Many years ago, as a whippersnapper, I worked briefly in the office of the late Sen. Eugene J. McCarthy. The senator was many things: a writer and poet who could read and play music and who also once played semi-professional baseball. A renaissance man, really.
For 22 years he served in the Congress. And, as a boy, he grew up on a farm in Minnesota. I heard him talk once about the “the cockerel step.” The rooster, often with great flourish, steps forward, steps backward, steps left, and then steps right. In the end, his step comes down in the same place.
Mr. McCarthy said politics often worked that way in Washington.
So it is with the Lucas Country Board of Elections.
Small-time partisan politicians have made a mockery of the elections board, and, to a lesser degree, the election process.
The infighting and bickering reached a head, and the Ohio secretary of state stepped in. He removed three board members and placed judges, temporarily, in their places.
Next came the cockerel step: The chairmen of the Lucas County Democratic and Republican parties were allowed to name one and two replacements, respectively. That’s the custom. The new head of the Democrats, Steve Steel, picked the party’s treasurer (though she will resign this post if she takes her seat on the Board of Elections). GOP Chairman Jon Stainbrook nominated two cronies.
Some people who’ve followed this soap operetta said: “Well this is more of the folks who caused the problems in the first place,” at least on the GOP side. But I think it’s more than a matter of personalities at stake here.
What’s wrong is the very idea that these posts should be filled by partisans — party hacks, if you will.
Now. I have some respect for party hacks. They are what make political parties go.
But I don’t think they have an inherent right to control the mechanics of elections.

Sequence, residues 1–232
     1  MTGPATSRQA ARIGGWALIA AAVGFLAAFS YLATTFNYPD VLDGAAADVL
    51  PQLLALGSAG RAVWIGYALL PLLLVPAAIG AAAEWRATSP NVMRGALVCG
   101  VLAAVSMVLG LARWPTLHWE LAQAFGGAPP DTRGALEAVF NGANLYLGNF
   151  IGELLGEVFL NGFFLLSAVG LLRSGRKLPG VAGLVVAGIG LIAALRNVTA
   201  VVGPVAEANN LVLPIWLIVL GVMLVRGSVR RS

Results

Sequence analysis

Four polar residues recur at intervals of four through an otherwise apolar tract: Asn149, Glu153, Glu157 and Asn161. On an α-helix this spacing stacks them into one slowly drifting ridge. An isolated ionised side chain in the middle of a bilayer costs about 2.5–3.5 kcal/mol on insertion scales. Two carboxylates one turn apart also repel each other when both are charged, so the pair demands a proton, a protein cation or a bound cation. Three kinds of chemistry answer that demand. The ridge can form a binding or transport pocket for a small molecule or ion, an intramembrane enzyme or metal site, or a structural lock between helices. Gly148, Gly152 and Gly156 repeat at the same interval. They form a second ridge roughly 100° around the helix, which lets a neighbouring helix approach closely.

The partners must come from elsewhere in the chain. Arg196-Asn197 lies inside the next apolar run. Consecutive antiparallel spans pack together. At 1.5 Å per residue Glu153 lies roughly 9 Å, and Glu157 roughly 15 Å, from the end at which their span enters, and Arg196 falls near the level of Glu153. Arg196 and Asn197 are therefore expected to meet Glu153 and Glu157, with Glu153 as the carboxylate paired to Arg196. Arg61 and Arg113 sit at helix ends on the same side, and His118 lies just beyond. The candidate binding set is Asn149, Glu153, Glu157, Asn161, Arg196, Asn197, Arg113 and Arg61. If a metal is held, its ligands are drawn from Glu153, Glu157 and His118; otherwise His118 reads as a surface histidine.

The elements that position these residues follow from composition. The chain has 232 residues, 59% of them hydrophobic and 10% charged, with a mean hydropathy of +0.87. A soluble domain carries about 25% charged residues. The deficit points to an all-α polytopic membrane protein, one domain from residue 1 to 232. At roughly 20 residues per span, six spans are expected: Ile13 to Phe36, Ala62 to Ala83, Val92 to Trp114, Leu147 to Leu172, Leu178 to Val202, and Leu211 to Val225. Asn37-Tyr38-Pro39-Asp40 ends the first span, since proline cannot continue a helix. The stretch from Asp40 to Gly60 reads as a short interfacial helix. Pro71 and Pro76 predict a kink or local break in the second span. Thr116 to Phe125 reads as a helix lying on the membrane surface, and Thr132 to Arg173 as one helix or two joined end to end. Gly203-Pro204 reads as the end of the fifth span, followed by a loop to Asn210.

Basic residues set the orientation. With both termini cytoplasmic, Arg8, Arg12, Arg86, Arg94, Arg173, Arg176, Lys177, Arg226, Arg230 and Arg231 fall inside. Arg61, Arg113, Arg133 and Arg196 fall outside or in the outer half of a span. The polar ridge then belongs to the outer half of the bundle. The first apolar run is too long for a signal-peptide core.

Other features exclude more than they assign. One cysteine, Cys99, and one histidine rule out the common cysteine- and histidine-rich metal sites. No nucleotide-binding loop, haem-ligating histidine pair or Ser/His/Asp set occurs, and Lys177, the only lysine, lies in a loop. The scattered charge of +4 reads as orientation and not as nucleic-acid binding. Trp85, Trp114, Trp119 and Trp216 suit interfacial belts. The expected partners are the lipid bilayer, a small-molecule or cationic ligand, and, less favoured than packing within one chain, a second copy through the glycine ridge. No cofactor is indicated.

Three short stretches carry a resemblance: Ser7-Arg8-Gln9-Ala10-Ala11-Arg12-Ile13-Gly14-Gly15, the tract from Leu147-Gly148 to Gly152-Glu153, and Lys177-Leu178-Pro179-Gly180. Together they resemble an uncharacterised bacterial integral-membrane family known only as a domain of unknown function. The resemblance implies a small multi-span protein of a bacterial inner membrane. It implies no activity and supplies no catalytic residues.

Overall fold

Those mechanics should be one step removed from politics.
And I think the history of the Lucas County Board of Elections shows us why elections should not be in partisan hands. It’s a bad idea in concept. It makes me think of Cook County, Illinois, back in the day, and of the way Mr. Putin conducts elections today.
So the situation in Lucas County is this: The party hacks made a mess and were removed. The choice of their successors has been left in the hands of the same party hacks. And they have — surprise — nominated other party hacks.
That’s a cockerel step that need not be tolerated.
My hope is that Ohio Secretary of State Jon Husted will reject the nominees of the two party chairman and, again, appoint judges to fill the seats.
Further, I hope that a present, or future, member of the legislature, preferably from Lucas County, as a recompense for the mockery that has been made of the electoral process here, will introduce legislation to change state law. The power to appoint members of a county elections board should be taken from local party chairmen and given to the secretary of state, and all appointments should be nonpartisan.
Or, elections boards could be abolished and the elections process handled entirely by civil servants.
Hacks should not have charge of the electoral process. I think we’ve proven that.
Keith C. Burris is a columnist for The Blade.
Contact him at: firstname.lastname@example.org or 419-724-6266.